A SIGNIFICANT issue occupational counsellors frequently encounter is job stress arising from an employee’s inability to cope with certain workplace situations.

How well you assess your role in your workplace and its culture has a great impact on your career sustainability. An inadequate understanding of how best to cope with challenging issues can lead you to feel that you have made the wrong career choice.

There are basically four major types of workplace situations, each having specific demands and level of stressors that impact career success:

1. Minimally challenging work

Your job scope, responsibilities, expectations and outcomes are usually clearly defined from the outset in this type of scenario. There is strong supervisory support and sufficient resources to enable you to complete assigned tasks and manage your workload without much difficulty.

Superficially, it may appear that you have an ideal job, as it places little workplace stress on you. However, such a job can quickly descend into a routine with limited opportunities for you to enhance your competencies.

Organisations that are rigidly hierarchical usually have a high level of micromanagement and little delegation. Promotional avenues are generally based on seniority.

Highly motivated employees who seek greater challenges or faster job advancement may become quickly frustrated in such an environment.

This workplace situation may be a good start for new entrants seeking a foothold in the industry. They can gain sufficient experience to build up their resumé before moving on.

2. Moderately challenging work

In this scenario, the job is fairly challenging, often placing considerable demands on your productivity. However, this is balanced by close supervision, and you are able to manage your job well.

This situation is great if you are motivated, enthusiastic and seek challenges but, at the same time, desire adequate guidance and support.

The downside may be rigid reporting lines and a lack of encouragement to innovate or exercise greater authority. If you are progressively seeking greater personal autonomy and recognition for your work achievements, you may eventually find such a work environment stifling and frustrating.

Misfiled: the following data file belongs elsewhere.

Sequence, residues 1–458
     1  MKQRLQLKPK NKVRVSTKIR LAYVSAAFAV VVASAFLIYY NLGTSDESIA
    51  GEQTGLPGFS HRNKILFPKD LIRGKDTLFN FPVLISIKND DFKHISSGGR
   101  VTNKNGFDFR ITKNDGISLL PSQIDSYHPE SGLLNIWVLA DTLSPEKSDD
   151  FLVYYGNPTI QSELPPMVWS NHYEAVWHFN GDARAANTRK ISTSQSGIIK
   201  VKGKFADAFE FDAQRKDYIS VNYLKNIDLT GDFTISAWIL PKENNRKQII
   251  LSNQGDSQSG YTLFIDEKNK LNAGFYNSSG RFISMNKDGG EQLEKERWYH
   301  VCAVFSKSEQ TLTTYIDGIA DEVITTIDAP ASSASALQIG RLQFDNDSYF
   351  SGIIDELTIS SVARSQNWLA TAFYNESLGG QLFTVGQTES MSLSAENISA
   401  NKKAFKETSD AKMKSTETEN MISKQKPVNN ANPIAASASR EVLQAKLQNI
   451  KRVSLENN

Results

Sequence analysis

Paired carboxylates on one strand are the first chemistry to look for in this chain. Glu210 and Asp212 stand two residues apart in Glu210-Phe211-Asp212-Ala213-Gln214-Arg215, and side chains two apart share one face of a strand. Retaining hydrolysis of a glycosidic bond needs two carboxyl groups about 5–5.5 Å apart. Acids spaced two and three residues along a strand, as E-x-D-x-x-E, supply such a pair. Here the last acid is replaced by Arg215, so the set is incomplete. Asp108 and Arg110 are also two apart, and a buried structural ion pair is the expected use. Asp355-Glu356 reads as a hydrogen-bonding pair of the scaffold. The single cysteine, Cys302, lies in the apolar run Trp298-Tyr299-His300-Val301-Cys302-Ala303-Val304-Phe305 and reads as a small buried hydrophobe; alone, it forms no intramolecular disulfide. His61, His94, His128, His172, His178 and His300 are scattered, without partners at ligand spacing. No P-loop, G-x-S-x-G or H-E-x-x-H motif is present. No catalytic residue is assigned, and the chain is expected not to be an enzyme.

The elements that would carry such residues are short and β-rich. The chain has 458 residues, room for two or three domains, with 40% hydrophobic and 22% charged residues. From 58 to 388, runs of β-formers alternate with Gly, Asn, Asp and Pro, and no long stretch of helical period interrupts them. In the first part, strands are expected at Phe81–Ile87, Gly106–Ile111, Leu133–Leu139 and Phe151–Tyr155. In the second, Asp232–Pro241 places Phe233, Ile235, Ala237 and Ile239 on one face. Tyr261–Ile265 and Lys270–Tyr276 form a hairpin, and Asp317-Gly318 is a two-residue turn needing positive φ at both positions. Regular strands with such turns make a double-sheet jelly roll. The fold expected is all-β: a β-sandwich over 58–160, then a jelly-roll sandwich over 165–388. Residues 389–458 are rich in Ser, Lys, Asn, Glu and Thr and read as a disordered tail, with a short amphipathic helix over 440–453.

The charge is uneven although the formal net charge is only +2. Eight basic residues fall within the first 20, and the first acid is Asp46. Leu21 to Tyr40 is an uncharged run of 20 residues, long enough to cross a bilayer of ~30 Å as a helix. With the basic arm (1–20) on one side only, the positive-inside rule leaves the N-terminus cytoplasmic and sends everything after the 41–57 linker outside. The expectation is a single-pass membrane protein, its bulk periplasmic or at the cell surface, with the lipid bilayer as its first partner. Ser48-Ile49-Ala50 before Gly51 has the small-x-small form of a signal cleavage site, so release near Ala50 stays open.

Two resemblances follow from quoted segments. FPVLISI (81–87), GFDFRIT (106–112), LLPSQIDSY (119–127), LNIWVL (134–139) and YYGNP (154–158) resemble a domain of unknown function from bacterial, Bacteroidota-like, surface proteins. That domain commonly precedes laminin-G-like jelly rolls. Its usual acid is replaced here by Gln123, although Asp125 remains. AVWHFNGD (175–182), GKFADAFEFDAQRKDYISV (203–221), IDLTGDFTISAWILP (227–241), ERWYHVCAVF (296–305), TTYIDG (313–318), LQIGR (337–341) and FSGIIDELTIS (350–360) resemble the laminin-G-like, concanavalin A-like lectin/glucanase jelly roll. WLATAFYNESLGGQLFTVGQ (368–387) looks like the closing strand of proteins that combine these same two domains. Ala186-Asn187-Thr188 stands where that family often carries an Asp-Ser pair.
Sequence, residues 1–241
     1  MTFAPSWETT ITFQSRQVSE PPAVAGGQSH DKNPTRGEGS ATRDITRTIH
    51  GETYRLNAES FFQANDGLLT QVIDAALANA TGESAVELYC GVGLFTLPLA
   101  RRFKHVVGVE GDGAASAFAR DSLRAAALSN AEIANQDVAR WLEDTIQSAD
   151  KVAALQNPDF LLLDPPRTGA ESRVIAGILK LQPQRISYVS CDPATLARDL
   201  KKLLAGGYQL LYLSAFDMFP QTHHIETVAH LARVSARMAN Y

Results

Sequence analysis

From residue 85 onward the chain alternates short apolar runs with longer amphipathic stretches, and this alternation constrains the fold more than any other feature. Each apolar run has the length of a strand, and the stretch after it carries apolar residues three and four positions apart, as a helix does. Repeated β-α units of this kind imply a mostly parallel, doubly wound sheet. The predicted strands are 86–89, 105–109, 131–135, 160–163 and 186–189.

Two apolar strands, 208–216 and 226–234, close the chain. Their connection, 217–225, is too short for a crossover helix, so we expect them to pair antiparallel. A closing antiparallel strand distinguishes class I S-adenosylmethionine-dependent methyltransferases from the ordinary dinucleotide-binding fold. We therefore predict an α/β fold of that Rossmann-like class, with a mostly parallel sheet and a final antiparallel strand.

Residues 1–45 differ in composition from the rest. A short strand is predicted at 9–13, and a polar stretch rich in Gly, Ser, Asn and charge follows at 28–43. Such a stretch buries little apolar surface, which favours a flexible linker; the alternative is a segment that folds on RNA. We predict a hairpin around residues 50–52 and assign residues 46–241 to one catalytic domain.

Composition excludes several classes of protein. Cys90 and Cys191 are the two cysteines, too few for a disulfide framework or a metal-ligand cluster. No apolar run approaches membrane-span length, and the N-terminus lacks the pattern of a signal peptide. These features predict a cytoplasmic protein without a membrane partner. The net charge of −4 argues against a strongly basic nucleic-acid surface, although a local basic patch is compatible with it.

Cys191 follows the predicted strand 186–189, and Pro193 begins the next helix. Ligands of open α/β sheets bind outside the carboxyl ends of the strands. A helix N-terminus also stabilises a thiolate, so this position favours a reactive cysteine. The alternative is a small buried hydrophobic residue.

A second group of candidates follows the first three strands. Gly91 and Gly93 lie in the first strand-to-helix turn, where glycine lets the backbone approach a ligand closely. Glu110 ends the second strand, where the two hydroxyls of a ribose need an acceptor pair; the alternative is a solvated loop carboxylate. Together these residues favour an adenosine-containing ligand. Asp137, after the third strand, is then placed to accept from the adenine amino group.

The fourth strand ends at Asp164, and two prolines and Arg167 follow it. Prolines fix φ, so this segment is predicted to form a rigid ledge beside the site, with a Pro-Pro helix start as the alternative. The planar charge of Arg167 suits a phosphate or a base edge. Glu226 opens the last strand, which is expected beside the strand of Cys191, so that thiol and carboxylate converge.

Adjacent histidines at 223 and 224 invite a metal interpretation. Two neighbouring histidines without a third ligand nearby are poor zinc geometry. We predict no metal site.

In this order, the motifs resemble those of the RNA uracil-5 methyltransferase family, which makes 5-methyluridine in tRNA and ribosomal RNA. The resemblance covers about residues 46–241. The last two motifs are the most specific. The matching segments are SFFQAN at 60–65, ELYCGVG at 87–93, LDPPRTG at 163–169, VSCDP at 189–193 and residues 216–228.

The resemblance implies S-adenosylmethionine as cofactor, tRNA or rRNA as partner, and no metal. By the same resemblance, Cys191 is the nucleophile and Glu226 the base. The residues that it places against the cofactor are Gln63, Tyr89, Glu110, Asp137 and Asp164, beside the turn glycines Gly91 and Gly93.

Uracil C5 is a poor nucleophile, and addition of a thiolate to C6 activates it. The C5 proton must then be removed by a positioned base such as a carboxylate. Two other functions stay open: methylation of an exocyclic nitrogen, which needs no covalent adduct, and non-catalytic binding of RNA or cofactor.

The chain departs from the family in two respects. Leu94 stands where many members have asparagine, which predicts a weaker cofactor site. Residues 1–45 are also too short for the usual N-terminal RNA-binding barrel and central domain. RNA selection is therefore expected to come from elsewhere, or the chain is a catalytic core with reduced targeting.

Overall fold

The slow promotion rate can also hasten your decision — and that of other ambitious individuals — to leave the organisation.

3. Highly challenging work

Typically, this is regarded as the most stressful workplace situation. The work is highly demanding, with frequently tight deadlines. Employees are expected to work with minimal supervisory support.

Highly independent, motivated and resourceful individuals thrive in such situations. If you are such a person, there are considerable opportunities for you to learn and innovate on the job. In addition, if you perform well, your job responsibilities and personal authority will expand over time.

Organisations that operate this way often provide very good remuneration packages, sufficient recognition and accelerated promotions to retain talented employees. However, you are in danger of suffering “burn-out” and losing your work-life balance in such a stressful job.

In addition, new entrants who expect close guidance and support while they gain experience on the job may find it difficult to adapt in a workplace that favours the survival of the fittest.

4. Unchallenging work

This is a situation in which you are doing a job that places little or no demand on your skills and experience. The contributions you make have little impact on operations or the bottom line of the organisation.

This is a dead-end job with no potential for advancement. Be aware that you are likely to be among the first employees to lose your job when there are reviews, restructuring, downsizing or retrenchment exercises.

If you are in this situation, it is likely you are being sidelined because of poor performance or because you have not upgraded your skills over the years.

Your work is stressful because you are frustrated over the stagnation and lack of career direction.

You need to act immediately by enhancing your transferable skills through training. If your organisation will not pay for your training, consider funding it yourself. Attend part-time courses while you still have the stability of a regular income.

Once you have upgraded your qualifications and skills, you can look for better career opportunities.

Moving forward

Which of the four situations describes your current worklife? It is a good time to assess your role in the organisation, weigh the pros and cons and find out what works for you and what doesn’t.